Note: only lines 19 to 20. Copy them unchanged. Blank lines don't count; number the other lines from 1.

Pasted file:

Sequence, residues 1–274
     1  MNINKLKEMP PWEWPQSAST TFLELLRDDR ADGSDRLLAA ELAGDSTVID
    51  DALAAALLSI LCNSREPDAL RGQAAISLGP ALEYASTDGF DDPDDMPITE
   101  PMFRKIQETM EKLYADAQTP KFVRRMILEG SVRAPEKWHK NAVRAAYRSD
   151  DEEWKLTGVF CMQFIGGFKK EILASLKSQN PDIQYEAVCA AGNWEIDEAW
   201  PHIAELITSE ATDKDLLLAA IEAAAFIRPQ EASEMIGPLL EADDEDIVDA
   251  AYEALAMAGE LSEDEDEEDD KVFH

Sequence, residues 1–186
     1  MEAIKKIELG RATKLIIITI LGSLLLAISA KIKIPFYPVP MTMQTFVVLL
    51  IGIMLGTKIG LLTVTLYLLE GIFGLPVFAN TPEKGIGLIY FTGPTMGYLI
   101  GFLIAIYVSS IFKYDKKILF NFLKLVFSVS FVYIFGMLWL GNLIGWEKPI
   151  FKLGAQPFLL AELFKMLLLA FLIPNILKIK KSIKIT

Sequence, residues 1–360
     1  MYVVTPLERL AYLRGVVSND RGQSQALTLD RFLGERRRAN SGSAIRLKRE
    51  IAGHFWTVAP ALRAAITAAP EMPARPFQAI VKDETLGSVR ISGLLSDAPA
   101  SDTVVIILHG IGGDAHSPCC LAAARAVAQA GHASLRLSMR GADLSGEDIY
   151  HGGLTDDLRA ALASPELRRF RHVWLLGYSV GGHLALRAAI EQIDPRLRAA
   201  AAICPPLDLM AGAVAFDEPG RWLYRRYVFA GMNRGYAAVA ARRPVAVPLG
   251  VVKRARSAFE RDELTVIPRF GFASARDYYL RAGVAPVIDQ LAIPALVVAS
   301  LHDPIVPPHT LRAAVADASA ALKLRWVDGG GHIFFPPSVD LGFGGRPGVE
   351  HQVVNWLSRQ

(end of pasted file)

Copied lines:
   251  VVKRARSAFE RDELTVIPRF GFASARDYYL RAGVAPVIDQ LAIPALVVAS
   301  LHDPIVPPHT LRAAVADASA ALKLRWVDGG GHIFFPPSVD LGFGGRPGVE